Washington (awp/afp) – The rise in wholesale prices in the United States in April moved in line with general inflation, registering a slight slowdown compared to March, but remaining at a level still close to the record level recorded on last month.
According to the producer price index (PPI) published on Thursday, prices rose 11% year on year, slightly less than the 11.2% recorded in March, the month which marked the strongest acceleration since this index began to be calculated in 2010.
Excluding food and energy prices, which had been most affected by the repercussions of the war in Ukraine, the rise was 6.9%.
And, over one month, prices rose much more slowly than in March, at 0.5%, as expected by analysts, against 1.6%. Energy prices had indeed soared in March with the war in Ukraine.
The rise in prices over one month is 0.6%, excluding food and energy prices, against 0.9% in March.
“Coupled with the modest respite from inflation, (…) the PPI figures tentatively signal that price pressures may have peaked early in the second quarter,” said Mahir Rasheed, economist for Oxford Economics.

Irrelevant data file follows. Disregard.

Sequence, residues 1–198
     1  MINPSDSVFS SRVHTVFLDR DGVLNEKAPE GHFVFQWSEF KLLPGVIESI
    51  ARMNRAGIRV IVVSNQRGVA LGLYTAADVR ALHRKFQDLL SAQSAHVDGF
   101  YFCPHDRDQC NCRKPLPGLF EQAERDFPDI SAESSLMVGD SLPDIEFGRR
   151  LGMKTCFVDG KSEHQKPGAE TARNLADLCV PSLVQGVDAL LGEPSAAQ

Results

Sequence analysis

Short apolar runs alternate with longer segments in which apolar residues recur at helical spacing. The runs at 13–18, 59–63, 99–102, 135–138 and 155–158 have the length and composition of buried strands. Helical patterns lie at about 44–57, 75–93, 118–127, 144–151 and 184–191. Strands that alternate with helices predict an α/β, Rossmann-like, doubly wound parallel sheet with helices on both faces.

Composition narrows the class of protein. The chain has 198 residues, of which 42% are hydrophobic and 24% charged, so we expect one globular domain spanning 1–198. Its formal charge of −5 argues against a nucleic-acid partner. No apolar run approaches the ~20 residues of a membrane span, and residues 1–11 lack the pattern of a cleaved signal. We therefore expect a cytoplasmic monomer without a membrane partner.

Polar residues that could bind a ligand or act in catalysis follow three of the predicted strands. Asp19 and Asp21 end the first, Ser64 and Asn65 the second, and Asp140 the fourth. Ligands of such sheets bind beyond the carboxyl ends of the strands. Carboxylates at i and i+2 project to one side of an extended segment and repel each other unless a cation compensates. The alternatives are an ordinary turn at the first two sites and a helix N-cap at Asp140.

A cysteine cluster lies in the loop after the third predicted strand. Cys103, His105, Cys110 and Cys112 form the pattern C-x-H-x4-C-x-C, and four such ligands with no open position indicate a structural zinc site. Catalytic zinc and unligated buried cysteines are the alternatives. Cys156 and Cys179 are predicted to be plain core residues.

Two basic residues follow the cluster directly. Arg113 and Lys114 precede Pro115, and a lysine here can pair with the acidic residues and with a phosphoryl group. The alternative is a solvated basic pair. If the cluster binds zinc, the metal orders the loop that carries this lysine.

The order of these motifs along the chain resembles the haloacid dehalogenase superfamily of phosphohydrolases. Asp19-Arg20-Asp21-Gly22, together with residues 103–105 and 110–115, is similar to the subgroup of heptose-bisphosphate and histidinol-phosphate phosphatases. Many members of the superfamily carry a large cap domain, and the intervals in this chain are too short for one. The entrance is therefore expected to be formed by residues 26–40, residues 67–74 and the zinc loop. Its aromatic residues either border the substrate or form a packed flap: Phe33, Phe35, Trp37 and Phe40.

“However, with demand remaining quite dynamic and persistent difficulties on the supply side, (…) we (…) will wait for future PPI figures to confirm the effective decline in inflationary pressures”, a- he nuanced.
Ian Shepherdson, chief economist for Pantheon Macroeconomics, observes for his part that “the reduction in margins in April was general”.
“This is important because the huge growth in margins since the onset of Covid has been a key driver of the surge in inflation. A sustained decline in margins would alter the overall inflation picture, but a decline in one month is not final”, he explains.
The PPI index is a measure of inflation that takes into account prices from the point of view of manufacturers and sellers. The consumer price indices PCE and CPI measure the evolution of prices on the consumer side.
CPI inflation, which is a reference and on which pensions are notably indexed, slowed down a little in April, to 8.3% over one year against 8.5% in March. But the rise in prices remains at levels not seen since the very beginning of the 1980s.